When Cameco launched its first Step Up for Mental Health Run last spring, the race sold out weeks in advance as people hurried to sign up for the event that pledged to donate all profits to mental health programs throughout the province. So this year, Step Up is getting bigger. Participants at the inaugural Step Up for Mental Health Run. Provided photos. “The community really rallied behind it,” says Race Director Jonathan Huntington. “We heard so many stories of people being involved because of a personal cause or because of a family cause or because they simply wanted to help others in the community that they didn't even know, but wanted to help in the mental health space.” Huntington said the event, which starts and finishes in downtown Saskatoon on May 9, has doubled its capacity in 2020. There is now space for 4,000 runners in the five- and 10-kilometre distances....
For Celeste and Tarrant Cross Child, the arrival of spring means it’s time to train for the Saskatchewan Marathon. The speedy husband and wife both have their names immortalized on the Meewasin Valley Authority trail as Saskatchewan Marathon victors;...
As soon as Susan Hamilton attended her first Just Tri It workout she was hooked. "It's the atmosphere; all the ladies, even though they might be competitive with themselves or close friends, they're not competitive in nature," she says. "Everybody inspires everybody." Participants of the 2019 Just Tri It program pose for a photo. Hamilton signed up for the women's-only triathlon training group in 2011 because she wanted to get more active. She loved the program so much that she has stayed involved with it to this day and is now the program director as Just Tri It moves into its 19th year. Just Tri It is an eight-week training program that runs out of the Saskatoon YWCA from March 15 to May 10. An army of roughly 50 volunteers puts on three training sessions a week, one each for swimming, biking and running. During the program the women have the...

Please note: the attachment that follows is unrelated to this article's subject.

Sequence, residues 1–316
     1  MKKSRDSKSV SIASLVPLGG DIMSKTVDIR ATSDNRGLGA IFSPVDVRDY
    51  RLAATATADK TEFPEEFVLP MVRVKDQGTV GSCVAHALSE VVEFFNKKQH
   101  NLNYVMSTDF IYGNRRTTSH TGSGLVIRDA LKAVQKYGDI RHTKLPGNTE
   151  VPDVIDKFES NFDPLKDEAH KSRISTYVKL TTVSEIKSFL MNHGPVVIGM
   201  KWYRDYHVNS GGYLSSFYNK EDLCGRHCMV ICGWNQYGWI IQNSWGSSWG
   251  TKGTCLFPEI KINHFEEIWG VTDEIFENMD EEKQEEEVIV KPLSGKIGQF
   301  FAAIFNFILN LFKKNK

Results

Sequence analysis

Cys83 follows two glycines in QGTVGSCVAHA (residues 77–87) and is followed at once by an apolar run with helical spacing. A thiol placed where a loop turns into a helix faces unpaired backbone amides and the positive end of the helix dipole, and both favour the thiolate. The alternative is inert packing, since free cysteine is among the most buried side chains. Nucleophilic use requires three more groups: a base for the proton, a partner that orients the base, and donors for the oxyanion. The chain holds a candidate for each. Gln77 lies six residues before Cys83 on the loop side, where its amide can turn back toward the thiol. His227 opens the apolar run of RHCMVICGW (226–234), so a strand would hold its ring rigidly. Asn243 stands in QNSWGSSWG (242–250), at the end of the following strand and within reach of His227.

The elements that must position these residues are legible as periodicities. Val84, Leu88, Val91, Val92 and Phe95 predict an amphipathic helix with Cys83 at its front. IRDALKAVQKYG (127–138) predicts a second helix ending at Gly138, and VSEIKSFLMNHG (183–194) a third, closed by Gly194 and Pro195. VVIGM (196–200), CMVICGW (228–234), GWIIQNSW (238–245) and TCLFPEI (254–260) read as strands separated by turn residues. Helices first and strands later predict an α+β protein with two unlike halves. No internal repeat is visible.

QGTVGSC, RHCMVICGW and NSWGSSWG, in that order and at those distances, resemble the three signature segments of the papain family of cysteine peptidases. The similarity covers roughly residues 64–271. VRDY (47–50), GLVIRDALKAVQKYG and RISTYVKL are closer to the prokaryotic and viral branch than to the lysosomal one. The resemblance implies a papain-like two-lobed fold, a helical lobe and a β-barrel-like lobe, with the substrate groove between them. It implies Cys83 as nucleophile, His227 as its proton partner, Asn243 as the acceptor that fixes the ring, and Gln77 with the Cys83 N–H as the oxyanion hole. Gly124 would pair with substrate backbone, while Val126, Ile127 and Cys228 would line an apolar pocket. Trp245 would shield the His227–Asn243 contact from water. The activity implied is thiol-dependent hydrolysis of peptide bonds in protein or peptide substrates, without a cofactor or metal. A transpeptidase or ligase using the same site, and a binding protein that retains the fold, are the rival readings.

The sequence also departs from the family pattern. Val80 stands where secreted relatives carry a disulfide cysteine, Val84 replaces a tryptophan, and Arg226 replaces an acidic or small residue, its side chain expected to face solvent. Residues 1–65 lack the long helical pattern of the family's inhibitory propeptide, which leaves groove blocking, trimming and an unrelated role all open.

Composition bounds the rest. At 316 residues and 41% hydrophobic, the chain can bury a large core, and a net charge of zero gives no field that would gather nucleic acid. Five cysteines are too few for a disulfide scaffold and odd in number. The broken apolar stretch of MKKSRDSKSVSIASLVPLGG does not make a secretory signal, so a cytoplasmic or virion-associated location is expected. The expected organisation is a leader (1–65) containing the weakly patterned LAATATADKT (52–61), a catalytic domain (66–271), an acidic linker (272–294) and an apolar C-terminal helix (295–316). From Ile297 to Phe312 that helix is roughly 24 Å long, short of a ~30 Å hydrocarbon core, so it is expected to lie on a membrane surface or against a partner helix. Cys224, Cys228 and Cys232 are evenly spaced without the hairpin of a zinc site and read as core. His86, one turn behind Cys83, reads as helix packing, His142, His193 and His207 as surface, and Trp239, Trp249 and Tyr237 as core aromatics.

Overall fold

Brainsport has partnered with lululemon to offer a new free run club on Monday evenings. Brainsport employee Ali Bergeron is leading the club from the lululemon store downtown starting at 7 p.m. Participants at the first Brainsport-lululemon run club earlier this month. The runs will last from 30 minutes to an hour and are designed to ensure no one gets left behind. Olivia Bird, the assistant store manager of lululemon Saskatoon, said the store wanted to start the club "as a new way to sweat, grow, and connect with our local community through run. "We know that Brian and the Brainsport team are experts in this, and couldn't think of anyone better to collaborate with," she said. Bergeron and Bird say they aim to make the run club as inclusive as possible. Anyone is welcome to participate and the group is particularly geared toward beginners. “We want everybody to feel very welcome...
Every year, Brainsport offers coached run academies targeted at a range of distances and experience levels. Joining a coached run club can be hugely beneficial for athletes — whether they’re training for their first five-kilometre run or hoping to set a new personal best in the marathon after years of training, Wondering if joining a coached run group is right for you? The Brainsport Times spoke with Brainsport coach Patrick Somerville (pictured left) and some of his coached athletes about some of the benefits of joining such a group. It can help prevent injuries Derek Trischuk says he was never a natural runner but started competing in triathlons and needed to figure it out. He started in Brainsport’s learn-to-run program and later joined one of Someville’s coached clinics. Trischuk says that, as a beginner, he appreciated the running education that came with the clinic. He was able to learn about...